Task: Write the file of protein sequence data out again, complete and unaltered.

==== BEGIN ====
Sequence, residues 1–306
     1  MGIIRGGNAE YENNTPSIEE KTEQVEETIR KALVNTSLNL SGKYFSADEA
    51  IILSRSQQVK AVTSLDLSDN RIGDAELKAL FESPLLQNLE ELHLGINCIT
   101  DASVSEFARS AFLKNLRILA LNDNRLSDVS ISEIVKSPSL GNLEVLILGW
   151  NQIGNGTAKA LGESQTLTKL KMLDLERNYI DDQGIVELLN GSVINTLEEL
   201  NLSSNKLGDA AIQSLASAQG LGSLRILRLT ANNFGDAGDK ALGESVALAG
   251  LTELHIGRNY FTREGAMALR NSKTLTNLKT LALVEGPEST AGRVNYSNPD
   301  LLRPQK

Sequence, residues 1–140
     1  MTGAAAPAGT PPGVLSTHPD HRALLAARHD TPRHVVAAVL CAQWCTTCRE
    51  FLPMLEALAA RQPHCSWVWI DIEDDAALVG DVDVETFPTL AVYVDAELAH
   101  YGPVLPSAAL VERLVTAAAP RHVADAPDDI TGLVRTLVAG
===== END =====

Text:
Sequence, residues 1–306
     1  MGIIRGGNAE YENNTPSIEE KTEQVEETIR KALVNTSLNL SGKYFSADEA
    51  IILSRSQQVK AVTSLDLSDN RIGDAELKAL FESPLLQNLE ELHLGINCIT
   101  DASVSEFARS AFLKNLRILA LNDNRLSDVS ISEIVKSPSL GNLEVLILGW
   151  NQIGNGTAKA LGESQTLTKL KMLDLERNYI DDQGIVELLN GSVINTLEEL
   201  NLSSNKLGDA AIQSLASAQG LGSLRILRLT ANNFGDAGDK ALGESVALAG
   251  LTELHIGRNY FTREGAMALR NSKTLTNLKT LALVEGPEST AGRVNYSNPD
   301  LLRPQK

Sequence, residues 1–140
     1  MTGAAAPAGT PPGVLSTHPD HRALLAARHD TPRHVVAAVL CAQWCTTCRE
    51  FLPMLEALAA RQPHCSWVWI DIEDDAALVG DVDVETFPTL AVYVDAELAH
   101  YGPVLPSAAL VERLVTAAAP RHVADAPDDI TGLVRTLVAG